Glyph 132: 1882-1883: Spotted Tail Killed

Sinte kle ska ta ca, Chief Spotted Tail died, Red Horse Owner 1881
Sinte Gleska kte pi, tail spotted they killed him, Coloff for year 1881
Correlates: Red Horse Owner, 1881, Coloff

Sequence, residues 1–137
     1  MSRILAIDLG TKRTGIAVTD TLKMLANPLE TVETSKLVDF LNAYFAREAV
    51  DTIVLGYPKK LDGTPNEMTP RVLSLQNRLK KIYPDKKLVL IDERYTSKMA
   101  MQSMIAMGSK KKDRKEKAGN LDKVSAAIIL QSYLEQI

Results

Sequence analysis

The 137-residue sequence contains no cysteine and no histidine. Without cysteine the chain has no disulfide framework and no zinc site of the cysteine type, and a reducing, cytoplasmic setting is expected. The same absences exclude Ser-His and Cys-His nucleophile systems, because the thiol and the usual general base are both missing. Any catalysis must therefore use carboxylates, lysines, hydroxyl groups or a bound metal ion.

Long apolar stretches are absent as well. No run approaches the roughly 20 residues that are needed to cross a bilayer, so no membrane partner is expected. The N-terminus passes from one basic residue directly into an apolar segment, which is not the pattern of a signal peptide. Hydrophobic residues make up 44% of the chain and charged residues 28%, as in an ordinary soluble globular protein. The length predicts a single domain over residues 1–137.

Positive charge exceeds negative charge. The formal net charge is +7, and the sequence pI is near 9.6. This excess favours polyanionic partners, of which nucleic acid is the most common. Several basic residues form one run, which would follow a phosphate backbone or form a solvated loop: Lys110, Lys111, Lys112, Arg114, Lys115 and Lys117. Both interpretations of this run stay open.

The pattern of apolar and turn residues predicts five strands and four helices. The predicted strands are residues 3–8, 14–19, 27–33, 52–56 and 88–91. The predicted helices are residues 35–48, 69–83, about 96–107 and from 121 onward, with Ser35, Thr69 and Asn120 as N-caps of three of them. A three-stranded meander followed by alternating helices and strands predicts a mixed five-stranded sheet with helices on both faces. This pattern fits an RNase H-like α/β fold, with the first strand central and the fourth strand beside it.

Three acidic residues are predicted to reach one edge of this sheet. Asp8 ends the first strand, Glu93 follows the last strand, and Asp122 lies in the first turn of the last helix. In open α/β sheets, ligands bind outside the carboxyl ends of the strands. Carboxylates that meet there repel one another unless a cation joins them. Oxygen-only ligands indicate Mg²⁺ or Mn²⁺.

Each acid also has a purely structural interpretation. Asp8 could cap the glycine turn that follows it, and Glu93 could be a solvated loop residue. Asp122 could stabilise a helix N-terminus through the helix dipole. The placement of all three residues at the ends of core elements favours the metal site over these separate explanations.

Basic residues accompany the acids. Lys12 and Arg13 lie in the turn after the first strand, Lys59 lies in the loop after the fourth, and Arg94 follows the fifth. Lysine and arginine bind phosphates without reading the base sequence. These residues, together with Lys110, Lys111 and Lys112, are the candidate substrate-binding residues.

Interpretation: Sinte [tail] Galeska [ring or "spotted"] was killed by Crow Dog, an agency policeman, August 5, 1881. The Anderson count provides one of the best native portraits of this famous Brule warrior and Chief, Spotted Tail,  identifiable by his trademark black and white, ring-striped racoon tail. A white beaver trapper gave the young Brule a racoon tail, and Spotted Tail used it as his talisman, wearing it as part of his headdress in battle. Spotted-Tail had a record of 26 coups in personal combat. After loosing a major battle to U.S. forces and being imprisoned for a year in 1855-56, he became more circumspect in his dealings with U.S. authorities. When the first Brule Agency was established, it was called "Spotted Tail's Agency," because of his recognized leadership of the Brule. Many Sioux believed he was too accommodating to Whites. (Hyde 1961: ix, 12-13) Whether it was a question of personal rivalry or a matter of Spotted Tail's pro-allotment policies (or both) is unclear, but Crow Dog slew him and was arrested. The legal question of whether the U.S. government had jurisdiction over homocide cases involving Indians on reservation land was tested in Ex parte Crow Dog. The court ruled the U.S. had no such jurisdiction, and Crow Dog was released. The following year in 1885 Congress passed the Major Crimes Act, thus asserting the authority of federal courts over major crimes on the reservation. Crow Dog was photographed by John Anderson. (Red Horse Owner, 41, 62; Powell 34)